As a journalism student through this time at the number one journalism school in the nation, it has been a time to watch, learn, and apply my skills in anyway possible. I have been able to share information and inform the public through social media such as Facebook, Twitter and Steller. My Facebook post which was informative of the un safe situations on campus has received over 3,100 shares and my Steller piece has received over 1,800 views. It is intriguing and interesting to know that my experience, craft, and art as a student journalist is seen all over the world. News travels fast. Word travels fast. Social media travels fast. MULTIMEDIA TRAVELS FAST.

Please pray for the continued safety of all students, faculty, law enforcement, journalists, community members and all associated in the events occurring on The University of Missouri-Columbia’s campus.


Women in the Media

On Monday, October 26, 2015 I attended The Women in Media Panel from 2-2:50 p.m. This event was held in the Fred W. Smith Forum, Reynolds Journalism Institute. This event was a part of the Missouri Honor Medal Winners.
Professor Jacqui Banaszynski lead the discussion of the three Missouri Honor Medal Women.

The event started off with a Subaru forester ad which showed many women driving the vehicle and them talking about how the vehicle drives and its power and then it ended with one woman saying,  “what do we know we are just girls?!”

The event was filled with a lot of wisdom, advice, funny stories, and past experiences shared from these three Missouri Honor Medal Recipients.

Recipient, Merrill Perlman,  has been in the industry for over 40 years. To start off, she shared a story from her time interviewing at the Kansas City Star. Meryl interviewed to be a part of the police beat at the KC Star. During her interview, the KC Star editor said “we just don’t have women doing those jobs.” At the time, she did not challenge this view and opinion. She ended this story stating that she hopes that women will challenge that if that is ever said to them during an interview.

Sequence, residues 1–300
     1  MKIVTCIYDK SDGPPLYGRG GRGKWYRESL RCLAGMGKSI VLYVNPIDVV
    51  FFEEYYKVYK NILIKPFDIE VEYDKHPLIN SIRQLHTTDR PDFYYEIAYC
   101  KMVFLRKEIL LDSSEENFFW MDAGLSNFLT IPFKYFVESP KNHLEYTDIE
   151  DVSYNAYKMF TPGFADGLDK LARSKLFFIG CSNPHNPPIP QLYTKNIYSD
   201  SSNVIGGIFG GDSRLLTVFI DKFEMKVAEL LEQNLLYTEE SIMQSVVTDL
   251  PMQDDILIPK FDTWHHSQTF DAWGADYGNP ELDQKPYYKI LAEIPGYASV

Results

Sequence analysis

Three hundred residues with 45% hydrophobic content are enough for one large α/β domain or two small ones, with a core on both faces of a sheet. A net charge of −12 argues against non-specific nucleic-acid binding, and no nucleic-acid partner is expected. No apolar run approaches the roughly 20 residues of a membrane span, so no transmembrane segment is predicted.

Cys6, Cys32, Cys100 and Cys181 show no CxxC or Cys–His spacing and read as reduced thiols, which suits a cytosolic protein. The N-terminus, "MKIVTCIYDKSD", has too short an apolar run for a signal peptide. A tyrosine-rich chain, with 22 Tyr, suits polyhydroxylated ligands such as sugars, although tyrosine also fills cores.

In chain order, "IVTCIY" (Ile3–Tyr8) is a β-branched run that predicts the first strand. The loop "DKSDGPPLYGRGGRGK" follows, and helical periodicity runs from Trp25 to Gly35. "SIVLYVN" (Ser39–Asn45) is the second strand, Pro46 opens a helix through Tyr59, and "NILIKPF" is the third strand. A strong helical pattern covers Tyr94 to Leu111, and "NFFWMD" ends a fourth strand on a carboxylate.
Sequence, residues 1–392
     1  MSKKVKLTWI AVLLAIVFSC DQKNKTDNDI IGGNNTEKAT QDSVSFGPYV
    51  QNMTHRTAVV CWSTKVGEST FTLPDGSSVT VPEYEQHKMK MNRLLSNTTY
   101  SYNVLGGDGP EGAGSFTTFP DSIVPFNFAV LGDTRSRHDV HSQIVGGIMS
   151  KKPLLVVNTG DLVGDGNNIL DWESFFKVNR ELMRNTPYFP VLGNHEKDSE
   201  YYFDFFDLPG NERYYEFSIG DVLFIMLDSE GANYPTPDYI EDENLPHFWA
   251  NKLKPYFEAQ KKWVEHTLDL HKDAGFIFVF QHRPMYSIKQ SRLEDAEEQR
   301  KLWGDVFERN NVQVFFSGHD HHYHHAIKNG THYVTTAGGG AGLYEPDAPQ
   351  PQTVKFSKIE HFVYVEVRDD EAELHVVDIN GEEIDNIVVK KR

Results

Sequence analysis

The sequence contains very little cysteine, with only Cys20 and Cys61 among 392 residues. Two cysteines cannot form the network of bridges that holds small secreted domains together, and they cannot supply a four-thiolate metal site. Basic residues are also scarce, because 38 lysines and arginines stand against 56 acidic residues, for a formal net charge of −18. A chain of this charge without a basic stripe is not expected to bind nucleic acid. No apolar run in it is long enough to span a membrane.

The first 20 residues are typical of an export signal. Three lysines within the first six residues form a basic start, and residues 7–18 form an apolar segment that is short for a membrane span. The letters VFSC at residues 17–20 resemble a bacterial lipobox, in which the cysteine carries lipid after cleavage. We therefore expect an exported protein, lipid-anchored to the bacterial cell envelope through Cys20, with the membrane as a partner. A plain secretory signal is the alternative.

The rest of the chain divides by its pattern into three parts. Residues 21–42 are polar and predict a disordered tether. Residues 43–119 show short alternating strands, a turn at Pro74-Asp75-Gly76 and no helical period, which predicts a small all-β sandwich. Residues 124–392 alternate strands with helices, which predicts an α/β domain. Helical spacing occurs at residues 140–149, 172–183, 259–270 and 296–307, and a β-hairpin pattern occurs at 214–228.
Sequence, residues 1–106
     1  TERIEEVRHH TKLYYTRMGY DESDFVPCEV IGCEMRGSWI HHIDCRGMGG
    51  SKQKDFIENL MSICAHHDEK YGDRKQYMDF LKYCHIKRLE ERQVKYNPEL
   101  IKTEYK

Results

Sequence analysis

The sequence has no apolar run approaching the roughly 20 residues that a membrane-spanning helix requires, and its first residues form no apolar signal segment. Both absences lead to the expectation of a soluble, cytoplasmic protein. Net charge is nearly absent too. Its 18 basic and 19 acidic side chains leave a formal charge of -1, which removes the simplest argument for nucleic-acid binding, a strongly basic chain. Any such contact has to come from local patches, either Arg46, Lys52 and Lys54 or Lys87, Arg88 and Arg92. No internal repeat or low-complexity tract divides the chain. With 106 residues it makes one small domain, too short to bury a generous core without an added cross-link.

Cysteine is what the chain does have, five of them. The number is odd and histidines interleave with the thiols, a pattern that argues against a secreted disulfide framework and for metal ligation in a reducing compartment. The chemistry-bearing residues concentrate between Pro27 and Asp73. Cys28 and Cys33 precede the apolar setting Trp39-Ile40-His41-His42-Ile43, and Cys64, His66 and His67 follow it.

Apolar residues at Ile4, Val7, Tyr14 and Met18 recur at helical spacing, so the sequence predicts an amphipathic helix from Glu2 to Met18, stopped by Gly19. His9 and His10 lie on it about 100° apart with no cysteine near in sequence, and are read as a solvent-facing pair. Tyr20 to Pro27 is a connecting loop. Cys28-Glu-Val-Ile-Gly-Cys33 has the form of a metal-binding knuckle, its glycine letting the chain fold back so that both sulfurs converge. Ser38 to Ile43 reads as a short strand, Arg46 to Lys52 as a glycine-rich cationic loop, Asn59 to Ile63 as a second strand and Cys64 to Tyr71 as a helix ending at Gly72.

Recipient, Meredith who oversees all of CNN Digital has been in the business for over 20 years. She started her career at The New York Times. As an aspiring journalist it is amazing to see that someone is able to start their career at such a well-known and large platform.

All three panelists touched on the fact that women today are getting tortured with balancing work and personal life and family time, and can we have it all? Barbara Ehrenreich who is currently an author and an activist stated that “I watch my daughters struggle to have it all” She said that she (Barbara) is the un-paid nanny. She stated that her children were small when she started her job as a freelance writer. She stated, “that’s good about the freelance aspect but u can’t make a living anymore.” In regards to this topic, Merrill shared with the audience that she didn’t have any friends who worked nights so she found friends in nurses and police officers since they had the same schedule she does/did.

The women also shared the most essential thing in success in their early years. Barbara stated, “I was able to support myself and still do entirely as a writer.” Meredith stated that she has always valued feedback. When she started her job at The New York Times in her twenties she was able to build her life around journalism but also built journalism around her life. She stated that she met her spouse at work because he was someone who understands the demand. Now, her husband is a stay at home dad to their six year old son.